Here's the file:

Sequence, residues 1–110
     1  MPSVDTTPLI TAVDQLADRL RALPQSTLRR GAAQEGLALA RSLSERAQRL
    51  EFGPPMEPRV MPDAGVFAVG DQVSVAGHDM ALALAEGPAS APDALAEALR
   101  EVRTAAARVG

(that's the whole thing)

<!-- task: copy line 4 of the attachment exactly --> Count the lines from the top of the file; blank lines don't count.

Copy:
   101  EVRTAAARVG